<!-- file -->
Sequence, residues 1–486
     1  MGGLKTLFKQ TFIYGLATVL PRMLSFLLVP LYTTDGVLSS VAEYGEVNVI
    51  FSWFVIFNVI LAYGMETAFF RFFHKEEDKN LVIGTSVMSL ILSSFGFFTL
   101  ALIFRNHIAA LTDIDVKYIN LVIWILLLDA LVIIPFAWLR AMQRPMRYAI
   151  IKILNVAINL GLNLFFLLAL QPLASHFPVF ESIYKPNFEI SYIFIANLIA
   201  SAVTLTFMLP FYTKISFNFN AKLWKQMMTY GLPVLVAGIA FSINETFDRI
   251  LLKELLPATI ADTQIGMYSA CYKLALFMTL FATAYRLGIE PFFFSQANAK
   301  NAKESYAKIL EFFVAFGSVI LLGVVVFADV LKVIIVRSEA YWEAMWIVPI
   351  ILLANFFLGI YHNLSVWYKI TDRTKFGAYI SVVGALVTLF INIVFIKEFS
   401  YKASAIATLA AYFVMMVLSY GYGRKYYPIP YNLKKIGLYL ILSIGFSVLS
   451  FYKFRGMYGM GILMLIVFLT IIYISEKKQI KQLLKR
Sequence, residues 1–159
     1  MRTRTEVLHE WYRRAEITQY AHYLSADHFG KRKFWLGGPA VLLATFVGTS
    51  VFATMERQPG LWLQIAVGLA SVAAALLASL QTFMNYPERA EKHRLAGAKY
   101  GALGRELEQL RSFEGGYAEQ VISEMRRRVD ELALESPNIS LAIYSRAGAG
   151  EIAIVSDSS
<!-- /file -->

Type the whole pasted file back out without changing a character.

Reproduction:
Sequence, residues 1–486
     1  MGGLKTLFKQ TFIYGLATVL PRMLSFLLVP LYTTDGVLSS VAEYGEVNVI
    51  FSWFVIFNVI LAYGMETAFF RFFHKEEDKN LVIGTSVMSL ILSSFGFFTL
   101  ALIFRNHIAA LTDIDVKYIN LVIWILLLDA LVIIPFAWLR AMQRPMRYAI
   151  IKILNVAINL GLNLFFLLAL QPLASHFPVF ESIYKPNFEI SYIFIANLIA
   201  SAVTLTFMLP FYTKISFNFN AKLWKQMMTY GLPVLVAGIA FSINETFDRI
   251  LLKELLPATI ADTQIGMYSA CYKLALFMTL FATAYRLGIE PFFFSQANAK
   301  NAKESYAKIL EFFVAFGSVI LLGVVVFADV LKVIIVRSEA YWEAMWIVPI
   351  ILLANFFLGI YHNLSVWYKI TDRTKFGAYI SVVGALVTLF INIVFIKEFS
   401  YKASAIATLA AYFVMMVLSY GYGRKYYPIP YNLKKIGLYL ILSIGFSVLS
   451  FYKFRGMYGM GILMLIVFLT IIYISEKKQI KQLLKR
Sequence, residues 1–159
     1  MRTRTEVLHE WYRRAEITQY AHYLSADHFG KRKFWLGGPA VLLATFVGTS
    51  VFATMERQPG LWLQIAVGLA SVAAALLASL QTFMNYPERA EKHRLAGAKY
   101  GALGRELEQL RSFEGGYAEQ VISEMRRRVD ELALESPNIS LAIYSRAGAG
   151  EIAIVSDSS